The longest part of Jammy is still only 17” long, which means the Jammy guitar fits into most of the backpacks. It also complies with the airlines carry-on regulations.
It certainly will be. Our engineers paid special attention to that matter. The team has studied various industrial mechanisms which allowed us to come up with a super-durable solution.
New design allows for adjusting the tension, so the strings felt as loose or tight as you want them to.
Yes! All of that is possible thanks to touch, velocity and pressure sensors on strings and frets.
Jammy is a MIDI guitar, so we can change tuning pretty easily with just a few taps in our companion app
We do not intend to replace a standard guitar. Our instrument is made for people who just want to strum a chord or two while traveling, but can't stand the hassle of carrying a full-fledged six-stringer around. We also target guitarists who need a stringed MIDI controller in their recording setup. We have nothing against your ordinary axes, we actually love them.
We are currently focused on bringing the "regular" Jammy to the market, but considering making software adjustments for left-handed version soon. To use it, you'll have to flip Jammy over and (only for the right feel) manually swap the strings, so the low E would change places with the high E, and so on.
We plan on adding bass presets to our soundbanks soon. As for the real 4-stringer, we’ll consider making it after we succeeded with the 6-string guitar.
It is connected electronically. Jammy is a digital guitar, so the sound is not made by the vibration of strings and the body’s resonance directly. Strings and frets serve as sensors that send data to the onboard sound processor which generates both MIDI and audio signals.
We use Bluetooth to connect Jammy to the companion app. Also, it's possible to send the MIDI signal over to connected devices via Bluetooth. As for now, we don't use Bluetooth for audio transition because of the considerable latency. This latency, totally unacceptable for musical instruments, can only be avoided by using the APTX protocol, which is not yet supported by the majority of devices in the market. We'll consider using the APTX later when it's more widespread, but for now, our main priority is to avoid latency, and that's why we generate sound on board, sending the signal straight to an amp or headphones via audio jacks, or to the computer via USB type C.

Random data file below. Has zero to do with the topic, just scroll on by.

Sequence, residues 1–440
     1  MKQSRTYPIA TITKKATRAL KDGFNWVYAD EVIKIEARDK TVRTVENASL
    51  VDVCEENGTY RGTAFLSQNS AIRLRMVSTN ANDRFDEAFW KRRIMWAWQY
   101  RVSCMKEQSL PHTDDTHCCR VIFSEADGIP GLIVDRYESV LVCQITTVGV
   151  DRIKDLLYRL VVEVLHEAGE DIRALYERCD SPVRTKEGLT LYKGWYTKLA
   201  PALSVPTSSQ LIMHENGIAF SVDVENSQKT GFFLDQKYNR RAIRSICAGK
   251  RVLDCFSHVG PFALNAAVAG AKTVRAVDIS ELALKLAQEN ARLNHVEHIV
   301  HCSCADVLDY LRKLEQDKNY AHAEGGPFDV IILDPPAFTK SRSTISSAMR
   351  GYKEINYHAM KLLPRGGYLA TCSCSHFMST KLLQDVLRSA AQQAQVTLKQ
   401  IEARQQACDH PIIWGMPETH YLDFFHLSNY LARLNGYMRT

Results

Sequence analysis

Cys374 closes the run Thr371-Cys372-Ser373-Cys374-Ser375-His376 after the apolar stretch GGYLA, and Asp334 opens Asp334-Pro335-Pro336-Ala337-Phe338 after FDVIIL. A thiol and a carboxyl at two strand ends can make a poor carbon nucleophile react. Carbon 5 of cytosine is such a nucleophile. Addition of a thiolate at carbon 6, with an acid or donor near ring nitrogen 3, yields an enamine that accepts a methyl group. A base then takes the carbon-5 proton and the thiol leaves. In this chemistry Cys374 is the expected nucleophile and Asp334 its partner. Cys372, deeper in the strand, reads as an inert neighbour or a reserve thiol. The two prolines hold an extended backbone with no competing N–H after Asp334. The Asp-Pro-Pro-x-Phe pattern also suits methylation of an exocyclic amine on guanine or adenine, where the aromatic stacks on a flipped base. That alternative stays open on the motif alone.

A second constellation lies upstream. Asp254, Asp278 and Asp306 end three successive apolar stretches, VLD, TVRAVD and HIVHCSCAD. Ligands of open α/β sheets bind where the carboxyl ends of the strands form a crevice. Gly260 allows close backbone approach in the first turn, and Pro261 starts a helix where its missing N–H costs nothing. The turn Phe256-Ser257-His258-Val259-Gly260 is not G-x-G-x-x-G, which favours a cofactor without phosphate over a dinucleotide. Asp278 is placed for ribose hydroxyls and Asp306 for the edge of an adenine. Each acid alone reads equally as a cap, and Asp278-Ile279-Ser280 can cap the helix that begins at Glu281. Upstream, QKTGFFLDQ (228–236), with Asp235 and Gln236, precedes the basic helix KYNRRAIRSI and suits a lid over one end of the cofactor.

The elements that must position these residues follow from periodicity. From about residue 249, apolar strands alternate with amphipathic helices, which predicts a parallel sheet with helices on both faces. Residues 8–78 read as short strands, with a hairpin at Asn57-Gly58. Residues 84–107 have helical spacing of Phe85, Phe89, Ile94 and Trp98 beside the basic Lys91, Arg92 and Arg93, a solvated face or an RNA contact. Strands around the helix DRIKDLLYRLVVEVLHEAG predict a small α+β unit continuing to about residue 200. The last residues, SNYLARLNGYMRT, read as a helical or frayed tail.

The Jammy is tuned automatically — you can choose among ten most popular tunings: standard E, E flat, standard D, open D, open Dm, open G, drop A, drop B, drop C, drop D, standard C sharp, and open A. In the next iteration, we'll add the possibility of tuning every single string however you want.
You can easily restring it yourself — it's done much like on the usual guitar, so you can also adjust the strings tension on the left part. The right part is designed so it's hard to break the strings on it — unless, of course, someone will deliberately cut them with the wire cutters. To restring both parts, you are going to need strings of a certain length and with the special ball-ends which you can purchase from us. The two sets of strings (both for the left and the right parts) will cost you about $20 altogether.
As long as you've placed your order before our announcement about the price change, you will get your Jammy complete with all the accessories in the box at the initial price. That means no additional payments for the detachable neck. (For backers who have placed their orders before the update).
Our current estimation is that we’ll kick off the mass production by the end of October and start shipping right after that. We’ve notified our backers about it in our this update.
We publish updates each month, you can check them out here. Moreover, all our backers should get the updates via email -- so my suggestion is that you check your spam folder and add email@example.com to your safe sender list.